4. In my opinion is a bad idea to use softened water (either using potassium or sodium) for irrigation purposes as softened water is not the intended use case for such purposes. A better option is to create a bypass system or separation of water lines so that softened water can be used inside the home to protect plumbing, appliances and to provide other benefits and use the city water for the irrigation.
5. Most cities also require that the drain water from the salt based (sodium or potassium) systems is connected to the proper drain (drain that goes to sewer). While some tend to think they could use this drain water for irrigation purposes, unfortunately, the drain from softening system contains excess concentration of calcium, magnesium and ferrous as this is what the softener is meant to remove 😊 and hence most cities require that softener drain be connected in such a way that it goes into sewer system.
I penned a post on “Understanding importance of softener system's salt efficiency rating” here;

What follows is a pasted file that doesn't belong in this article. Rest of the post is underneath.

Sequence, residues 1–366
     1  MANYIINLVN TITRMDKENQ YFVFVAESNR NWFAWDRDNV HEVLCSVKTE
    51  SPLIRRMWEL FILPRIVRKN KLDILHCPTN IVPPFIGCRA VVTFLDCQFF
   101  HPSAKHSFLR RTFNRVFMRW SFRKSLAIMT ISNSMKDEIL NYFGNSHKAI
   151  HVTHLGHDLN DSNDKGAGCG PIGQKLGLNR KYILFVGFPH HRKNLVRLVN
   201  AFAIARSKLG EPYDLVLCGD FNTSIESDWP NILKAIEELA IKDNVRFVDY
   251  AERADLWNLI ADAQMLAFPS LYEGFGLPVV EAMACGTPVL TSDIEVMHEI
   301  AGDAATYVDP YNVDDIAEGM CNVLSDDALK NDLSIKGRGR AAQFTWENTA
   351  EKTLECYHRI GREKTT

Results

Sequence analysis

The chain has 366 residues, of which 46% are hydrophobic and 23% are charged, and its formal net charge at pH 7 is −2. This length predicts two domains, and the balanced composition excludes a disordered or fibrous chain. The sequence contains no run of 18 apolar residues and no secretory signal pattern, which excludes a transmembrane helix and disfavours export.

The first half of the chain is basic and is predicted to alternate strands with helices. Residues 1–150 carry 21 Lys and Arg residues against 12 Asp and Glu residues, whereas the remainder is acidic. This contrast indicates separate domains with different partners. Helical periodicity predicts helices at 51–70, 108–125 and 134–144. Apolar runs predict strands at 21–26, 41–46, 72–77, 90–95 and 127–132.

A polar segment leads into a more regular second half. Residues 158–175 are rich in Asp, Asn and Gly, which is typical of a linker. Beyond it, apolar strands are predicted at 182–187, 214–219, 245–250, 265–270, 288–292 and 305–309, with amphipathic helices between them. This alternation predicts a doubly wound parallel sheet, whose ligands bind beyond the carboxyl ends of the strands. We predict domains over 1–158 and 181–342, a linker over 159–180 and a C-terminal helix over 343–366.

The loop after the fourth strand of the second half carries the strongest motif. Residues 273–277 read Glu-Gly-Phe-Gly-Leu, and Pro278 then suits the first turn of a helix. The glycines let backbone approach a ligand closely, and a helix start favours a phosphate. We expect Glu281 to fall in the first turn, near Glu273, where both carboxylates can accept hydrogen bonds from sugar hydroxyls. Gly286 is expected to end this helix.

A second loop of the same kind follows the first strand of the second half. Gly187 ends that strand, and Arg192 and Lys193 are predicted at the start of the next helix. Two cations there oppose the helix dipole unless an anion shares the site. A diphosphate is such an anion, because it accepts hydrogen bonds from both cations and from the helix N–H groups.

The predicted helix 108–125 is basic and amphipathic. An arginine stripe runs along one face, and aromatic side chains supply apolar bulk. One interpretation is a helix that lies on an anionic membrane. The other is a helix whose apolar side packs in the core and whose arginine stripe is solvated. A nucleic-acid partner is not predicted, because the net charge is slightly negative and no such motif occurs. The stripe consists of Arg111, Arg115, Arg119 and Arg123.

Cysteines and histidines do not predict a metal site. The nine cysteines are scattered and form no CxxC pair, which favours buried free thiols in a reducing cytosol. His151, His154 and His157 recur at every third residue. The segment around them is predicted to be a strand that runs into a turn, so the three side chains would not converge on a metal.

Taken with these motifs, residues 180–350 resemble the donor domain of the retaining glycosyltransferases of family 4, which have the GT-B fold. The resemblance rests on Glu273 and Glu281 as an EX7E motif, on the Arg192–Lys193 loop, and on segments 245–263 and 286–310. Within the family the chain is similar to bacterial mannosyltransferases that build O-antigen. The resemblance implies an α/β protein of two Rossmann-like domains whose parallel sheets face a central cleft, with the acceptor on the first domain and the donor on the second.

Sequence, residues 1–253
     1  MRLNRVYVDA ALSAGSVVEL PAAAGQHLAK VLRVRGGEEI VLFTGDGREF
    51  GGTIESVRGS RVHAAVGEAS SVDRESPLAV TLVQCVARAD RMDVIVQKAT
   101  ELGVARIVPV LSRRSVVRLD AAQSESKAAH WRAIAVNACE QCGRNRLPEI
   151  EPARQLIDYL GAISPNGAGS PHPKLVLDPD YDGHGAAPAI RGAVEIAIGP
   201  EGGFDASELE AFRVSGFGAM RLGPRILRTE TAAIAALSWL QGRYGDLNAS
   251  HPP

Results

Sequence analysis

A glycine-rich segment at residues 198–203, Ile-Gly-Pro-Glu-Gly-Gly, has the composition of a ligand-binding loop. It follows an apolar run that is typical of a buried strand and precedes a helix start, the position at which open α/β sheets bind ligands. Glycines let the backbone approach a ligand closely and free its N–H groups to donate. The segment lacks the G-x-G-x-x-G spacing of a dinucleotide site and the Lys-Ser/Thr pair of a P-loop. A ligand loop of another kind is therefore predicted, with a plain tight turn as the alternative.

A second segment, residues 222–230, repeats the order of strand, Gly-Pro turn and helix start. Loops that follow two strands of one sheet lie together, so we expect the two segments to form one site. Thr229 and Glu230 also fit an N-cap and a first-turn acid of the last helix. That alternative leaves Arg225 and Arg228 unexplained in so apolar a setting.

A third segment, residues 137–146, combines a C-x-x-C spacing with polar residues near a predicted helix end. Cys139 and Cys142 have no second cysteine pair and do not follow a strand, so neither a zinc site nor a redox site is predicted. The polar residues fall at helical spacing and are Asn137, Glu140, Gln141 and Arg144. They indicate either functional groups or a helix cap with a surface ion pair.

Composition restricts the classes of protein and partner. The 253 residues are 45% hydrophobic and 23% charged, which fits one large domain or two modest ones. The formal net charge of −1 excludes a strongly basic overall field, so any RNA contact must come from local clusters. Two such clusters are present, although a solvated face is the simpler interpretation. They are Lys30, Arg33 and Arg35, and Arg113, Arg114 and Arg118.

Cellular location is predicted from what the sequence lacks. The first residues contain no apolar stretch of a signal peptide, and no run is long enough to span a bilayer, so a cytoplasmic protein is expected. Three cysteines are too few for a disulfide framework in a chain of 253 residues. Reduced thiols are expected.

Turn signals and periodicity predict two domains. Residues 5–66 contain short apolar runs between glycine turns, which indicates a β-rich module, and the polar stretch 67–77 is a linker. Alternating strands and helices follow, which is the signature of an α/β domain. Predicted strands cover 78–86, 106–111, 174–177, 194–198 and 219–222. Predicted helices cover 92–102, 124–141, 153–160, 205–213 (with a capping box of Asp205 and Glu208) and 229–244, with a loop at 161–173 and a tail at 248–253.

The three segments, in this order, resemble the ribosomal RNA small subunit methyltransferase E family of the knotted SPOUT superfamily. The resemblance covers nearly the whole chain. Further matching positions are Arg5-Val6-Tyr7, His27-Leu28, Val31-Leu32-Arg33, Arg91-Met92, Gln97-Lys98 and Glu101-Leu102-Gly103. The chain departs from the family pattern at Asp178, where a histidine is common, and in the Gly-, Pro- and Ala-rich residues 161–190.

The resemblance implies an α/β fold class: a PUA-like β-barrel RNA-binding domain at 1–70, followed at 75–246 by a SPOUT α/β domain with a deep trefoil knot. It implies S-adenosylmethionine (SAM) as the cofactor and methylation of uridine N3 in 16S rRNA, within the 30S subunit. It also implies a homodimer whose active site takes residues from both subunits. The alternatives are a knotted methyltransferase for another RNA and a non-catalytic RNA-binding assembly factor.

This talks in detail about the California salt efficiency law for salt-based softeners, WQF (Water quality foundation study) and how drain water from softeners impact + ly/ - ly sewer system and why choosing a softener that meets or exceeds California salt efficiency standard is important in helping environment.
So there you go 😊
Bottom-line: Avoid trap of overthinking as use of both sodium or potassium does remove the hardness equally and really well. Use of either of them does not have any impact on the removal of hardness for which you are actually considering purchasing softener 😊. For general population neither of them seems to be a health or environmental concern (as long as they choose correct one). If you fall under category where you are sensitive to any of these, please consult your doctor and work with a water quality expert to design a system that best works for your specific medical needs rather than researching on internet. Again this category is more of an exception. Good news is, most salt based softeners support use of sodium as well as potassium. However, if you do not want to deal with any of these, go with salt less conditioners (which technically are not softeners). Good luck and go easy and enjoy the softened water or conditioned water whichever best works for you based on your thinking. Cheers!